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Is there an analytic solution to this system of equations?

  1. Apr 19, 2015 #1

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    I have the following system of equations with variables ##a,m##, and I'm wondering—can this system be solved symbolically/analytically?

    \begin{align}
    m &= 100 + \frac{ \left( 200 \frac{\ln{\frac{1}{2}}}{26.8} \right) }{\left(\dfrac{\ln{\frac{1}{2}}}{26.8} + a \right)}
    \\ \\
    50 &= me^{-a\left( 19.9 \right)}- \frac{ \left( 200 \frac{\ln{\frac{1}{2}}}{26.8} \right) \exp{ \left(\dfrac{\ln{\frac{1}{2}}}{26.8} \cdot 19.9 \right) }}{\left(\dfrac{\ln{\frac{1}{2}}}{26.8} + a \right)}
    \end{align}

    (What are some ways to recognize that a problem does or does not have an analytic solution?)

    For this specific example, I understand the answers can be numerically approximated to

    \begin{align}
    a &\approx 0.092409
    \\
    m &\approx 22.2674
    \end{align}

    Via such numerical methods as a graph:
    L9sjZ.png

    or other computational device such as WolframAlpha [(link to this problem). For this specific problem, WolframAlpha only provided a numerical approximation.

    Note: The variables in the WolframAlpha link are ## a, n ## respectively
     
  2. jcsd
  3. Apr 19, 2015 #2

    jedishrfu

    Staff: Mentor

    If you replace the factor ln(0.5)/26.8 with K and use x and y for a and m you get for the first equation:

    y = 100 + 200K/(x+K)

    and for the second you get:

    50/e^19.9 = y - 200Ke^K/(x+K)

    which rearranges to:

    y = 50/e^19.9 + 200e^K/(x+K)

    From here you can set the equations equal to each other and solve for x noting that x=/= -K
     
    Last edited: Apr 19, 2015
  4. Apr 19, 2015 #3
    I don't see an analytical solution. For a numerical solution, consider the following:

    With
    \begin{align*}
    m &= 100 + 200 \cdot \frac{\beta}{\beta+a} \\
    50 &= m \cdot e^{-19.9a} - 200 \cdot \frac{\beta}{\beta+a} \cdot e^{19.9 \cdot \beta}
    \end{align*}
    Where [itex]\beta = \ln(1/2) / 26.8 \approx -0.02586[/itex].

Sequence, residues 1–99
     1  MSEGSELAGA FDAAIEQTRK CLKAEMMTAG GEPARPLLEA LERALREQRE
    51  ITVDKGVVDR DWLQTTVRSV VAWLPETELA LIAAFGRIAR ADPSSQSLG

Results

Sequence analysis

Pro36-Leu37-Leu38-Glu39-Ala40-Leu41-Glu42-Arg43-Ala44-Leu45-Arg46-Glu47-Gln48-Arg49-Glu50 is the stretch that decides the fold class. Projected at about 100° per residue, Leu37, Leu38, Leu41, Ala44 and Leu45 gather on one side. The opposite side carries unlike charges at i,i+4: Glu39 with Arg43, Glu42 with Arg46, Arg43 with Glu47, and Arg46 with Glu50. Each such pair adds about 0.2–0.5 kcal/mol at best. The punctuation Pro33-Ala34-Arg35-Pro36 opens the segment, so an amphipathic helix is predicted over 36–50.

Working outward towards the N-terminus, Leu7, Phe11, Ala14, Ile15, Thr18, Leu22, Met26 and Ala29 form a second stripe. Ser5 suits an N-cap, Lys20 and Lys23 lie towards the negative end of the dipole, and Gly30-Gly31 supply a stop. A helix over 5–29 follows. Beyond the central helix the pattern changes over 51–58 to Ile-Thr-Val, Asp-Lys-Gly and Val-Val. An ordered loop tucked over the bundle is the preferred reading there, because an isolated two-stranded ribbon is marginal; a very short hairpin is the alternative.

Multiply the second equation by [itex]\exp{(19.9 \cdot a)}[/itex]
    \begin{equation*}
    50 \cdot e^{19.9 \cdot a} = m - 200 \cdot \frac{\beta}{\beta + a} \cdot e^{19.9 \cdot \beta} \cdot e^{19.9 \cdot a}
    \end{equation*}

    Let [itex]w= \beta + a[/itex] and substitute first equation into second to yield
    \begin{equation*}
    c \cdot e^{19.9 \cdot w} = \left[100 + 200 \cdot \frac{\beta}{w}\right] - 200 \cdot \frac{\beta}{w} \cdot e^{19.9 \cdot w}
    \end{equation*}
    where [itex]c = 50 \cdot e^{-19.9 \cdot \beta} \approx 83.6558[/itex].

    This is a non-linear scalar equation in one parameter [itex]w[/itex]. A numerical solution will be necessary. Before we go down that path, re-scale and introduce a non-parametric variable for [itex]w[/itex]. Let [itex]\alpha = a / \beta[/itex], [itex]\zeta = w / \beta = 1 + \alpha[/itex] and re-formulate into [itex]F(\zeta) = 0[/itex].

    \begin{equation*}
    F(\zeta) = 0 = 100 \cdot \left[ \left(\gamma + \frac{2}{\zeta}\right) \cdot e^{\lambda \cdot \zeta} - \left(1 + \frac{2}{\zeta}\right) \right]
    \end{equation*}
    where [itex]\gamma = c / 100[/itex] and [itex]\lambda = 19.9 \cdot \beta \approx -.51469[/itex].

    This could be solved numerically, but we don't know the magnitude or an applicable domain bracket that contains [itex]a[/itex] (ie, [itex]\zeta[/itex]). If we look at the above equation for [itex]F[/itex], we see it is equivalent to
    \begin{equation*}
    F(\zeta) = 100 \cdot \left[
    \left(1 + \frac{2}{\zeta}\right) \cdot \left(e^{\lambda \cdot \zeta} -1\right) - \mu \cdot e^{\lambda \cdot \zeta}\right]
    \end{equation*}
    where [itex]\mu = 1 - \gamma \approx .167[/itex].

    If we ignored the last term, we would underestimate [itex]F[/itex] (since [itex]\mu > 0[/itex] and the exponential is positive). But if we did, we would see that two conditions could result in [itex]F= 0[/itex]:

    First: [itex]\exp{(\lambda \cdot \zeta)} - 1 = 0[/itex]. This would imply [itex]\zeta = 0[/itex] or [itex]a = -\beta \approx 0.02586[/itex]. The scaled error term in [itex]F[/itex], which is the last term in the expression above, is [itex]E = -\mu \cdot e^{\lambda \cdot \zeta} = -\mu = -0.167[/itex]. However, this is probably not a good idea since we have the [itex]1/\zeta[/itex] term which contradicts this solution.

    Second: [itex]1 + 2 / \zeta = 0[/itex]. This would imply [itex]\zeta = -2[/itex] or [itex]a = -3 \cdot \beta \approx 0.07759[/itex]. The scaled error term in [itex]F[/itex] is now [itex]E = -\mu \cdot e^{-2 \cdot \lambda} \approx -0.456[/itex]. That's probably a safer bet. However, since we underestimate [itex]F[/itex], we should probably bump up this value somewhat (ie, decrease [itex]\zeta[/itex] somewhat away from [itex]-2[/itex]).

    Selecting [itex]\zeta = -3[/itex] yields a scaled value [itex](1/100) \cdot F(-3) \approx 0.4301[/itex]. We have now bracketed the root. A suggested initial value for an iteration routine would be [itex]\zeta^{(0)} \approx -2.5[/itex] (ie, [itex]a^{(0)} = 0.09052[/itex]).
     
  5. Apr 19, 2015 #4

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    Thank you for the in-depth explanation to a numerical approach, TheoMcCloskey! The technique you outlined is just beyond my current mathematical level of understanding, but it's educating to see a technique like that in action, and it's definitely brought up some points to research.

    Does your approach have a specific name? I can't wait to study these concepts in the future.
     
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